why do the northern and southern hemispheres have opposite seasons

Throughout the course of the, most places on Earth goes through four noticeable
: summer, autumn (fall), winter and spring, each lasting for about 3 months. The seasons experienced by the northern and southern hemisphere always differ by six months when it is summer in the northern hemisphere, it is winter in the southern hemisphere, and so on. Seasons are a direct consequence of the Earth s tilted rotation, which makes an of about 23. 5 degrees to a line drawn perpendicular to the plane of the. The direction of the Earth s axis stays nearly fixed throughout one, so that at different parts of the orbit one hemisphere leans towards the (summer), while the other leans away (winter). Six months later, the Earth is leaning in the opposite direction. For locations north or south of the, the main feature accompanying each season is a change in temperature caused by the varying amount of sunlight that falls on each hemisphere of the Earth throughout its annual orbit. The hemisphere tilted towards the Sun will experience longer hours of sunlight, and more direct sunlight. As the Sun is higher in the sky during summer, the sunlight reaching the surface is more concentrated. In winter, the Sun is lower in the sky, and sunlight is spread out over a larger.


During spring and autumn, both hemispheres receive about the same amount of sunlight. At the equator, the temperature variation is much smaller throughout the year, and it is common to consider just two seasons: dry and wet (or monsoon). For observers right at the north pole and the south pole, there are only two seasons an almost six-month long winter night followed by an almost six-month long summer! Within the and the (latitudes 66. 5 degrees north and south), there will be at least one polar day (24 hours of continuous daylight, sometime called the midnight sun ) and one polar night (24 continuous hours of darkness). The date of the start of the seasons is often chosen to start on the dates of the solstices (summer and winter) and equinoxes (autumn and spring). Alternatively, the start of a new season may be associated with the first day of the month (December, March, June and September) in which a or equinox occurs. The Earth s changing from the Sun due to the Earth s orbit is sometimes thought to cause the seasons. This is incorrect! The Earth s distance from the Sun varies by about 3% from closest ( distance = 147. 09 million km) to furthest approach ( distance = 152. 10 million km). This small change in distance cannot account for the temperature differences between summer and winter, and cannot explain how it can be winter in one hemisphere and summer in the other hemisphere.


Four seasons -- autumn, winter, spring and summer -- occur throughout the year. Each hemisphere experiences an opposite season. For example, the winter season in the northern hemisphere is summer in the southern hemisphere. The seasons are caused by the tilt of the Earth's axis as it orbits the sun. The Earth spins counterclockwise on its axis at an angle of 23. 4 degrees. This spinning of the Earth causes day and night because only half the world faces the sun. Moreover, as the Earth spins on its axis, it orbits the sun, taking 365 days to complete a whole orbit. Because of the tilt of the Earth's axis, different areas receive different amounts of sunlight during the Earth's orbit, creating the four seasons. The timing of the seasons is opposite for each hemisphere. This is because when the north pole is tilted toward the sun, the northern hemisphere faces the sun at a greater angle than the southern hemisphere. Therefore the northern hemisphere gets warmer. This represents the summer months for the northern hemisphere and winter for the southern hemisphere. As the Earth continues its orbit, the south pole eventually is tilted toward the sun, reversing the seasons in each hemisphere.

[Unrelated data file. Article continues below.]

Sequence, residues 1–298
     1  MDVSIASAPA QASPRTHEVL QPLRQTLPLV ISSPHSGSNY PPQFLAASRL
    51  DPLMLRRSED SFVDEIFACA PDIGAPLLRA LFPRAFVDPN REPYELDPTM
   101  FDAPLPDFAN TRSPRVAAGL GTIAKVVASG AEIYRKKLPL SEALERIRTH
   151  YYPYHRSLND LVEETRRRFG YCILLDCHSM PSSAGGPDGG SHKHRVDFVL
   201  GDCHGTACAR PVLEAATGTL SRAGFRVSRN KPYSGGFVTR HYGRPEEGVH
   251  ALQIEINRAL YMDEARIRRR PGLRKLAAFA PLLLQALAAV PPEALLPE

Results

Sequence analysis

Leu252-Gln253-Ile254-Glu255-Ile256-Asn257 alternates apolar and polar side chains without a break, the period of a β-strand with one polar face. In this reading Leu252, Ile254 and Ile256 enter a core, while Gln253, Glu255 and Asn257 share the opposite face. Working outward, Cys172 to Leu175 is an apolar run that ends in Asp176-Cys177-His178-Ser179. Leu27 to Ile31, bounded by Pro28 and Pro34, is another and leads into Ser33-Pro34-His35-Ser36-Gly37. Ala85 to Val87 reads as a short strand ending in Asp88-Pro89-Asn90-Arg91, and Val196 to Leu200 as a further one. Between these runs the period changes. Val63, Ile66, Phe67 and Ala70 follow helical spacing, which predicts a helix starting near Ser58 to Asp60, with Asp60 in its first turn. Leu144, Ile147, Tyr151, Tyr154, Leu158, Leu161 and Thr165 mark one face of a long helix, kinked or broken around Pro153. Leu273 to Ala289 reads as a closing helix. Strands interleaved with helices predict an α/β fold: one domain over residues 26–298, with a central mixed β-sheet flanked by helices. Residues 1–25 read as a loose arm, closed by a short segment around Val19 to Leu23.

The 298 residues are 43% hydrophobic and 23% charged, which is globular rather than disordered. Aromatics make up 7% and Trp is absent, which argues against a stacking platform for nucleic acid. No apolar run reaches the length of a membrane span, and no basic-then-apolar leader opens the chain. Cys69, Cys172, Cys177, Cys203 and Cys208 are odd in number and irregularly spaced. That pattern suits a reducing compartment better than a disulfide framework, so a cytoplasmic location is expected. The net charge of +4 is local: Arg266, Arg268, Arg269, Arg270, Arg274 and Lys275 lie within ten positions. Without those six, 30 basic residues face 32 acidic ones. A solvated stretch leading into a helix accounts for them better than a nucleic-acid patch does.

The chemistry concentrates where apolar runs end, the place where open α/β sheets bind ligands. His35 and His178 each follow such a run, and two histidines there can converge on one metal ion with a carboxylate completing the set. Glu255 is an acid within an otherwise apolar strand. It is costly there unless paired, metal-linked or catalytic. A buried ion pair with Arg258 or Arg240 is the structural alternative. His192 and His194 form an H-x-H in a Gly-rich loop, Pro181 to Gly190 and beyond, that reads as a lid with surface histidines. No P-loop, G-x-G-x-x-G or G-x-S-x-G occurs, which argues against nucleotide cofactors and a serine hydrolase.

During the winter solstice, the sun is at its lowest path in the sky, resulting in the shortest day of the year. After this day, the sun follows a higher and higher path through the sky. The spring equinox occurs when sun rises exactly in the east and travels through the sky for 12 hours, setting exactly in the west. There is a spring and autumn equinox, where every place on Earth experiences an approximate 12-hour day. After the spring equinox, the sun continues to follow a higher and higher path through the sky until the summer solstice, the longest day of the year and the sun's highest point in the sky. After this, the sun follows a lower and lower path until it reaches the autumn equinox and then the winter solstice. Summer is the season with the longest days and warmest temperatures, with winter being the opposite. Spring represents the time when the days start to get longer, with more hours of sunlight. Autumn is the period when the days get shorter, with less sunlight, building toward the winter months. Less distinction between the seasons exists at the equator than at the poles because the equator is tilted at almost the same angle from the sun all year long.

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